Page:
What predictive power do AFL pre-season results have for the regular season? #NABChallenge

Footy is back!

Sort of!

Pre-season trial games have started at obscure ovals where cricket isn’t still getting in the way. It’s a time of great hope, when every team’s draftees and fringe players and returning injured players are showing good signs, and fans and pundits try to identify which teams might have good years by watching each club’s efforts in practice games.

It is a time when the footy press and public relations machine, grateful to have something other than off-field scandal to cover, does its damnedest to sell hope and hype for the season to come. So we’ve decided to take a quick look at how much of that hope and hype is justified.

We have compared preseason and regular season results, compiling the scores from all official NAB Cup, NAB Challenge and AFL-scheduled practice games (including that hilarious 3-way arrangement they ran for a few years), to see how strong the correlation between February and August looks over the last five years:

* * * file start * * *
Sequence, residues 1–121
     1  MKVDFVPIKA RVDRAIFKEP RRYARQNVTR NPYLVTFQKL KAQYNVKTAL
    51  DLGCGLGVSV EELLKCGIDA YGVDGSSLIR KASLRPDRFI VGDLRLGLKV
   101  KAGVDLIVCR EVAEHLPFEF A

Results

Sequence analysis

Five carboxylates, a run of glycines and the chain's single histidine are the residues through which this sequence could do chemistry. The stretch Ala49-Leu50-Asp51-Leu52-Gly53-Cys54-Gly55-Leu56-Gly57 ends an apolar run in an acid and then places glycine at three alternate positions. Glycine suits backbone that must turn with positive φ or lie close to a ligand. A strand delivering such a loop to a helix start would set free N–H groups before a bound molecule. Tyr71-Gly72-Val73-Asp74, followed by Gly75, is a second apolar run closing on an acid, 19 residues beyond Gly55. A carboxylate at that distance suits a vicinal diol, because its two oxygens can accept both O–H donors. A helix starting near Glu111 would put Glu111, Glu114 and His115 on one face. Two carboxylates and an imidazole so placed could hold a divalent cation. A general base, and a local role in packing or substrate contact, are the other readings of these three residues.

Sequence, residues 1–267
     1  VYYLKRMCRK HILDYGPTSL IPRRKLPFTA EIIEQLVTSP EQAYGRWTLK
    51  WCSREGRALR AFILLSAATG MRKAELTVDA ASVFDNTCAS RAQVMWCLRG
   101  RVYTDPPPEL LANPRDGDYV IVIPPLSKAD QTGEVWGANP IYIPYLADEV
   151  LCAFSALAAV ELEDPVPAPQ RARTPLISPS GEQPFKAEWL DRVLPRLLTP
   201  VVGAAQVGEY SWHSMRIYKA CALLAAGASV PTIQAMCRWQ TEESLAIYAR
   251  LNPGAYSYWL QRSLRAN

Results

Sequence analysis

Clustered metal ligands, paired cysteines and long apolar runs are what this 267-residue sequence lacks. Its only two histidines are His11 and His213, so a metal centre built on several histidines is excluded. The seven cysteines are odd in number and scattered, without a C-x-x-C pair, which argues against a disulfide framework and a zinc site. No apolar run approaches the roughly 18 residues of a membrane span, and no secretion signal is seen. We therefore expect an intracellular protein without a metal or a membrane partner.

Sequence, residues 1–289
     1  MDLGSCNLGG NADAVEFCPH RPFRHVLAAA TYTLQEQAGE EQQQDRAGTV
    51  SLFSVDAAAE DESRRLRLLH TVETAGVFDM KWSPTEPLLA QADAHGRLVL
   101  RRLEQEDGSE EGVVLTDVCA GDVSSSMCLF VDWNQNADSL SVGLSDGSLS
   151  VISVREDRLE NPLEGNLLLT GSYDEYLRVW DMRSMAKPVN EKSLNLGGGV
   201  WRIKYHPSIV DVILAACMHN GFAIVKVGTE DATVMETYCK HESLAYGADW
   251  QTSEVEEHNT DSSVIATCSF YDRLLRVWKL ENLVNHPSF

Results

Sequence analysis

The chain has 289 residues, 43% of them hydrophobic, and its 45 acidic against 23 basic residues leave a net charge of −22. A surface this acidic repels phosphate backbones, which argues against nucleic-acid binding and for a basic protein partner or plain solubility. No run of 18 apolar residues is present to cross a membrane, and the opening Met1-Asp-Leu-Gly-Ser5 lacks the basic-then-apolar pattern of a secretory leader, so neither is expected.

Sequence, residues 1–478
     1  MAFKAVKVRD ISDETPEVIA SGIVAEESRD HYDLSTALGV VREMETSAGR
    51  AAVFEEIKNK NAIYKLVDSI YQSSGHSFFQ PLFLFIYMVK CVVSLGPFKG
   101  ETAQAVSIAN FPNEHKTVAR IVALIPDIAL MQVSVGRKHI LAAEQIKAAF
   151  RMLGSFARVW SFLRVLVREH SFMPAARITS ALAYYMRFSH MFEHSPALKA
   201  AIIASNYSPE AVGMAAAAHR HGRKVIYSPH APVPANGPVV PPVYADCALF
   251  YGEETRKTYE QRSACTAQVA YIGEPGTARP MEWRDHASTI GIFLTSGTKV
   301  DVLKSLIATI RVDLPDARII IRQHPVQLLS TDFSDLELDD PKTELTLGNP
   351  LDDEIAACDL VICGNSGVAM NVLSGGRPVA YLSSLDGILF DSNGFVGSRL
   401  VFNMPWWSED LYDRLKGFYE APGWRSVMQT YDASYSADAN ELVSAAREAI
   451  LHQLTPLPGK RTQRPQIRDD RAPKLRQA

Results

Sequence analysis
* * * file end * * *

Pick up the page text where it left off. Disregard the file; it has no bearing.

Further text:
Yep, with a simple linear trendline, that’s an R² below 15% for both measures. There’s barely a positive predictive relationship in there at all.

There are so many examples of teams blitzing the preseason and then crashing hard, and plenty of premiership and top 4 sides who did nothing in the pre-season. Pre-season form explains nearly none of regular-season form.

We’re not telling you anything new here, but: how your club performs in terms of results in the preseason tells you basically nothing about how the regular season will go and you’re a fool for ever thinking otherwise.


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